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An example of the Minkowski sum in 2D. The four line segments (left) that generate the octagon (right) are visible as the octagon's edges.

A zonotope is a convex polytope that is the Minkowski sum of a set of closed line segments, called its generators.

A zonotope can also be defined as a convex polytope whose facets are all zonotopes and which has central inversion symmetry.

Properties[edit | edit source]

The faces of a zonotope always have an even number of edges, and the facets of a zonotope are themselves zonotopes.

An n-dimensional zonotope can always be dissected into "primitive" zonotopes (which are n-parallelotopes, or the generalization of parallelograms and parallelepipeds to n dimensions).

Examples[edit | edit source]

The lowest possible symmetry of a 2D zonotope or higher-dimensional zonotope's face.

2D (zonogons)[edit | edit source]

All polygons with point symmetry (that is, they have a symmetry that rotates them 180° about the center) are zonotopes, and all convex regular 2n-gons are zonotopes. These are usually found as the faces of higher-dimensional zonotopes.

3D (zonohedra)[edit | edit source]

Of the convex uniform polyhedra, the omnitruncates (the truncated octahedron, truncated cuboctahedron, truncated icosidodecahedron and the even-gonal prisms, esp. the cube) are zonotopes.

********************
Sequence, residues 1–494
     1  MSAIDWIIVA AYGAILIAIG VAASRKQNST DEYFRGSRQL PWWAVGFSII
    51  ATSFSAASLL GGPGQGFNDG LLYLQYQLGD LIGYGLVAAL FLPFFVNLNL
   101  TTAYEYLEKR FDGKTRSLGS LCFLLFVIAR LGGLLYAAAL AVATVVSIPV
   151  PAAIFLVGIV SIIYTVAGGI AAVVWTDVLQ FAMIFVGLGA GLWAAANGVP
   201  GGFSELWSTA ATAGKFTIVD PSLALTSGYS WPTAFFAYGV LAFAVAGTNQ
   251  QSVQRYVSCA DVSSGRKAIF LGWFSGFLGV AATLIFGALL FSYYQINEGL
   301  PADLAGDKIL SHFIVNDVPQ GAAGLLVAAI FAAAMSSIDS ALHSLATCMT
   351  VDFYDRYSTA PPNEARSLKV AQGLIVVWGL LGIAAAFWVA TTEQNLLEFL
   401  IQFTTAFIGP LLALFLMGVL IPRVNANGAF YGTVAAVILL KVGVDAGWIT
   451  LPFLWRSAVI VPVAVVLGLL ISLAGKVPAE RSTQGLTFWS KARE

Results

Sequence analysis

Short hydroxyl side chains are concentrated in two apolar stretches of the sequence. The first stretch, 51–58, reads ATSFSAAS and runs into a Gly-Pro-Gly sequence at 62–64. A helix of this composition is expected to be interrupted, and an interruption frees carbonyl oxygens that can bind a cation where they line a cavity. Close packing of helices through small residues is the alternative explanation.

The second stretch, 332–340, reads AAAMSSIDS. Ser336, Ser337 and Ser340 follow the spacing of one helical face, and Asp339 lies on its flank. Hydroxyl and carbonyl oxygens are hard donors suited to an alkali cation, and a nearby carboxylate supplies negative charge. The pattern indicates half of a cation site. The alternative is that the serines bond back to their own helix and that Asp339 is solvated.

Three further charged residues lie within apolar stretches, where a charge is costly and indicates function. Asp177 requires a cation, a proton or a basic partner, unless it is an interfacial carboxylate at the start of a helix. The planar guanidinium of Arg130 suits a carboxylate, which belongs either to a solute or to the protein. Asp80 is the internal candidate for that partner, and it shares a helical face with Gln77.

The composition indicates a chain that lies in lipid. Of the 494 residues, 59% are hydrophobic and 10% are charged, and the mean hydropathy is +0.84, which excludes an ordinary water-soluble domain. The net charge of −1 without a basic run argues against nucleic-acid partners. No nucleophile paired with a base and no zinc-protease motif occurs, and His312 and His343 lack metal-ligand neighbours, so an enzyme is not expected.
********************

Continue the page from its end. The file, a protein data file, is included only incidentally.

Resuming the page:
Two of the uniform dual polyhedra - the rhombic dodecahedron and rhombic triacontahedron - are also zonotopes.

Removing one or two generators from the rhombic triacontahedron results in the rhombic icosahedron and Bilinski dodecahedron, respectively. Both are also zonotopes.

The prism of any 2D zonotope is a 3D zonotope as well.

4D (zonochora)[edit | edit source]

Of the uniform polychora, the tesseract, great prismatodecachoron, great disprismatotesseractihexadecachoron, truncated icositetrachoron, great prismatotetracontoctachoron, and great disprismatohexacosihecatonicosachoron are zonotopes.

Duoprisms of two 2n-gons are also zonotopes, as are the prisms of 3D zonotopes.

Zonohedrification[edit | edit source]

A 3-dimensional zonotope composed of 132 rhombi. It is the zonohedrification of the rhombicuboctahedron.

Take any convex polytope P with a well-defined center, and connect every vertex to the center using line segments. The Minkowski sum of these line segments is the zonohedrification of P, a term coined by George Hart.[1][2] Several zonohedrifications are pictured below.

Zonohedrifications in 3D
Input polyhedron Generators made Output polyhedron
tetrahedron 4 rhombic dodecahedron
cube 4 rhombic dodecahedron
octahedron 3 cube
dodecahedron 10 rhombic enneacontahedron
icosahedron 6 rhombic triacontahedron
cuboctahedron 6 truncated octahedron
icosidodecahedron 15 truncated icosidodecahedron

References[edit | edit source]

External links[edit | edit source]